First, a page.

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TechnologyFeb 05, 2018

How to Automate Zookeeper in AWS

Simon Saugier and Maya El Dayeh

Provisioning complex cloud architectures can be as simple as executing a single command. However, it can be challenging to fully automate the infrastructure without performing some manual configuration after the resources are provisioned. Some services like Zookeeper require information about other machines in the architecture in order to cluster properly. Is it possible to fully automate the creation and configuration of a Zookeeper cluster to be completely up and running when the provisioning process is complete? In this article, we will show you how to do this with AWS and Ansible.

In this blog, we’ll discuss three options for creating and configuring Zookeeper instances:

  • Scripted Zookeeper node discovery

  • Zookeeper node management with Exhibitor

  • Stateless configuration-driven Zookeeper nodes

option 1: scripted zookeeper node discovery

One approach is to create an auto scaling group in AWS, store the launch configurations for each Zookeeper instance in S3, and write a script to inject it later.

This option requires custom scripting, which can be hard to maintain, error-prone, time-consuming, and can lead to non-deterministic results. For example, as the Zookeeper instances go live in the auto scaling group, they perform a discovery to determine their IDs. The server IDs should be unique for Zookeeper to cluster properly. There is a high possibility that two Zookeeper instances will have the same server ID if they go live at the same time (which we saw happen in a few tests we ran). Furthermore, since we do not know the IP addresses of the instances before they get allocated, we need to clean the configuration file if an instance goes down and another goes up in its place. Otherwise the Zookeeper cluster will fail. Automating the cleanup process requires more scripting!

option 2: zookeeper node management with exhibitor

Another approach is to use an auto-discovery tool like Exhibitor to automatically discover and configure Zookeeper for you.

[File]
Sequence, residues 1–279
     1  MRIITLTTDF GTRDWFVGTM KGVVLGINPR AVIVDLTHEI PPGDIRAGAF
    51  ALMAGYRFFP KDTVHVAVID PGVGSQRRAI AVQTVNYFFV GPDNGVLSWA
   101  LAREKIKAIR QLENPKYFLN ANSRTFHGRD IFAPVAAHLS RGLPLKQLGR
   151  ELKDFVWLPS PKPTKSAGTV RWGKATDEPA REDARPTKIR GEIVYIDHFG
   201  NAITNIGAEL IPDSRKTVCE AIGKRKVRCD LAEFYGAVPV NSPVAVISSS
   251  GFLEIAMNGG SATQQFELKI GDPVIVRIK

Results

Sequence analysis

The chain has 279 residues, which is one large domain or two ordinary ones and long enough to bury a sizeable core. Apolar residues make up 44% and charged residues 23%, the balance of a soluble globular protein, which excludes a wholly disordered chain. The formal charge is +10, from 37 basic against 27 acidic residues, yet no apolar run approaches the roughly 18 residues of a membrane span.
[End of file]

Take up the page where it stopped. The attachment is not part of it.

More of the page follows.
Such an approach is interesting, but adds new dependencies and infrastructure that need to be managed. This is not a bad answer, but not the focus of this article.

option 3: stateless configuration-driven zookeeper nodes

A third approach, which we used on a current project, is to configure the Zookeeper instances in AWS to be aware of each other automatically.

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Instead of creating an auto scaling group and determining the IP addresses of the Zookeeper instances as they spin up, we used AWS Elastic Network Interface (ENI) to reserve IP addresses for the Zookeeper instances and attach each ENI to an instance. We stated the IP addresses in the configuration since they are within the private IP range of our virtual private cloud (VPC). If we were using an auto scaling group, this wouldn’t be feasible since we wouldn’t be in control of the IP addresses. Furthermore, each instance had its unique ID pre-assigned. Using this approach, we were able to fully automate the creation and configuration of our Zookeeper cluster.

The following steps demonstrate how this option can be implemented in Ansible.

step 1: state your zookeeper configuration

In the vars.yml file, create the following variables to set the IP addresses and IDs of your Zookeeper instances, where zk_ips represents a list of IP addresses you choose from the private IP range of your VPC and zk_ids represents a list of unique server IDs: